The Santa Clara County Board of Education voted 4-3 Wednesday night to censure trustee Joseph Di Salvo after an independent investigation determined that he engaged in gender-based harassment.
In January, two board members and two office of education employees filed complaints against Di Salvo for his behavior.
The third-party investigator found that Di Salvo made “negative, critical, disrespectful, dismissive, demeaning and heated comments ... when challenging women whom he perceived were not doing what he wanted.”
The investigator also found that he did not engage in similar behavior toward men.
The censure is considered a condemnation of Di Salvo’s behavior, as well as an acknowledgment that his “conduct is unacceptable, unprofessional and a violation of the board bylaws.” Di Salvo will also have to undergo gender bias training.
Board of Ed President Claudia Rossi, Vice President Kathleen King and trustees Rosemary Kamei and Peter Ortiz voted for the censure, while trustees Anna Song, Grace Mah and Di Salvo voted against it.
During the meeting, Di Salvo defended himself by acknowledging that he has engaged in heated debates in the past, but apologized “if comments were worded too harshly.” He added that the investigation lacked evidence and was a political ploy to distract from other important school issues and his re-election campaign.
“Citing these disagreements out of context is inappropriate,” he said. “The timing of this investigation is dubious at best. This memo is being acted on with less than a week for me to review the claims and just four months prior to election day.”
Di Salvo also argued that he only had one week to review the claims and that his lawyer was unable to attend the board meeting. The office of education’s legal counsel, however, noted that Di Salvo was interviewed twice during the investigation and that his lawyer didn’t have the right to interject into a board discussion.
Ortiz, who is the only other man on the board, said that while he has no doubt that his colleague cares about students, the board can’t overlook “the methods in how people talk to each other.”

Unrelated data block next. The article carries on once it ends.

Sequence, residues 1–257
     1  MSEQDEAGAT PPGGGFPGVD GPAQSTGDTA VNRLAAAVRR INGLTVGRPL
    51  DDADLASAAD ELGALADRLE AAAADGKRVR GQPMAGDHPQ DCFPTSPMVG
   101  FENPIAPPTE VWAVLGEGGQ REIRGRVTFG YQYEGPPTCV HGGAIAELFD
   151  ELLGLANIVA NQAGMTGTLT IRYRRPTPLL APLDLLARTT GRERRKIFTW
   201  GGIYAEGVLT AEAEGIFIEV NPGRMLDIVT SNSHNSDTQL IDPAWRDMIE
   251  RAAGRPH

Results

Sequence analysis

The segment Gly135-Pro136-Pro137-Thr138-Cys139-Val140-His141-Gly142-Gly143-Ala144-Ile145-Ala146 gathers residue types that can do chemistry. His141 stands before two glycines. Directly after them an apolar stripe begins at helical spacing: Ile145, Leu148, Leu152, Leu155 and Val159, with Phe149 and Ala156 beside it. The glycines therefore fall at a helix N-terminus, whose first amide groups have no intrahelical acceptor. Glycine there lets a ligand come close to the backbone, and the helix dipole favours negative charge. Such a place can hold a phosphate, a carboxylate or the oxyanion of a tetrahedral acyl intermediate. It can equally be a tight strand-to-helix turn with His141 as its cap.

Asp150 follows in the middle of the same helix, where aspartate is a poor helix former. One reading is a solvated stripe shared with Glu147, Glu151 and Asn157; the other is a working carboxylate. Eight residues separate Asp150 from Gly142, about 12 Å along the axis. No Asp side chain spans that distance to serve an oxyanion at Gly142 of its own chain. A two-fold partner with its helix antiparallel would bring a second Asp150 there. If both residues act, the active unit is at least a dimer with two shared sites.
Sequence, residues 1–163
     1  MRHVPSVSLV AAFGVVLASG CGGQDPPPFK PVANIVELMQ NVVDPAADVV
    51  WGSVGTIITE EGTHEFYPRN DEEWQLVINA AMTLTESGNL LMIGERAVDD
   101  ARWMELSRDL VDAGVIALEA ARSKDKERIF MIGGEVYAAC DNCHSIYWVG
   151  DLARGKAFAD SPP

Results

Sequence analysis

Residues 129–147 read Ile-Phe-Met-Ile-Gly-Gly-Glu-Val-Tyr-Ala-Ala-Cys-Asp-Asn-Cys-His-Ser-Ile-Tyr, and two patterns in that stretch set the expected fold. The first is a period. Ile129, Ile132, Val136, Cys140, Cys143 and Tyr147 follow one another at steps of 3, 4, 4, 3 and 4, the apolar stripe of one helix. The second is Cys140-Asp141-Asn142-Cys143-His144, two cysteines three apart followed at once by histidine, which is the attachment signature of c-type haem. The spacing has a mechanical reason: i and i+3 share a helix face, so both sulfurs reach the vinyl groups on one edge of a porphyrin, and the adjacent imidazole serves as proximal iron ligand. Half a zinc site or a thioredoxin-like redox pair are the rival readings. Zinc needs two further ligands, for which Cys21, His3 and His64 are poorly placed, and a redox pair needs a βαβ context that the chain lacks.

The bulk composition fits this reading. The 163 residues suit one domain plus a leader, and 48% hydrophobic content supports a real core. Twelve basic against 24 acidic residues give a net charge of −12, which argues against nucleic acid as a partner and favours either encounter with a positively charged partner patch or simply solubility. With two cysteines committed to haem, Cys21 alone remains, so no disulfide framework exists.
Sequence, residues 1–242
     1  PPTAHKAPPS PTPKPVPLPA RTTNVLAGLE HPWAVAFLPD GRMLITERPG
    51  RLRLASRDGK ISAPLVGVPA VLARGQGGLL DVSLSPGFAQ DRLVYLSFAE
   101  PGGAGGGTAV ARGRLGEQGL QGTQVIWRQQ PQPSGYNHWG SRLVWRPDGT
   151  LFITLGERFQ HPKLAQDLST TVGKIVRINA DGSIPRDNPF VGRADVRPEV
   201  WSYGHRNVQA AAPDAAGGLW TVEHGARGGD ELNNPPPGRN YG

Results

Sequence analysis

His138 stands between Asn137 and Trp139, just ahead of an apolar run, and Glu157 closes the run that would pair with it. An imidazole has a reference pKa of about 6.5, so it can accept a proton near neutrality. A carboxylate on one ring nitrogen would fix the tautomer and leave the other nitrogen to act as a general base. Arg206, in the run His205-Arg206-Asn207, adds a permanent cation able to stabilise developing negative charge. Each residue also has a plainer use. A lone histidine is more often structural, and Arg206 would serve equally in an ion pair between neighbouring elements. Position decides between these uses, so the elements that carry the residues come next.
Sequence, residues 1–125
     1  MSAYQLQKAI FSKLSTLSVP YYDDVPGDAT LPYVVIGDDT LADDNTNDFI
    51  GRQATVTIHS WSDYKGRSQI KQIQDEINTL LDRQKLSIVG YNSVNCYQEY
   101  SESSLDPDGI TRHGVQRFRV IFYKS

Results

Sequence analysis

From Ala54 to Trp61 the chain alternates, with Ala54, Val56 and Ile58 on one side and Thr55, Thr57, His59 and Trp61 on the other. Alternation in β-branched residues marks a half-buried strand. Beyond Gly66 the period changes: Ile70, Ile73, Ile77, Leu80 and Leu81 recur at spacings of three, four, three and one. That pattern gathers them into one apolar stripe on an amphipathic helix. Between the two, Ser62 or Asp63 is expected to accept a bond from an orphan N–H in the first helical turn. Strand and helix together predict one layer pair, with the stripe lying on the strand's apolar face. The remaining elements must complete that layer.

He also noted that the county office should have taken previous action against Di Salvo.
“I myself as a man of color, I would never think to behave in certain ways on this board and that’s because some privileges just haven’t been given to me,” Ortiz said. “I know that the second I talk to someone a certain way I will be crucified by the public.”
Kamei also acknowledged Di Salvo’s passion for students and education.
“It is not to attack trustee Di Salvo,” she said. “Trustee Di Salvo feels very strongly about his positions and he wants to serve the students and the community...This is about what is this board going to do about those women that stepped forward and said I feel this way and the investigators found that the behavior is truly unbecoming of an elected official.”
Mah, however, called the censure “too heavy of a hammer” and claimed that the report didn’t describe any evidence of harassment.
“I certainly respect women on the staff and women on the board who have raised concerns,” Mah said. “I believe it is important to address these types of issues. So I’m not saying we don’t address it, but I’m saying that we need to make sure and find [another] way since this was an insufficient timeline for review and response and the political nature of this [is] inappropriate.”
Wednesday night’s vote marked the first time in history that the board of education has censured one of its members.
Di Salvo has served on the board since 2008 and is up for re-election in November. His district represents a majority of San Jose Unified and portions of Oak Grove and East Side Union High school districts.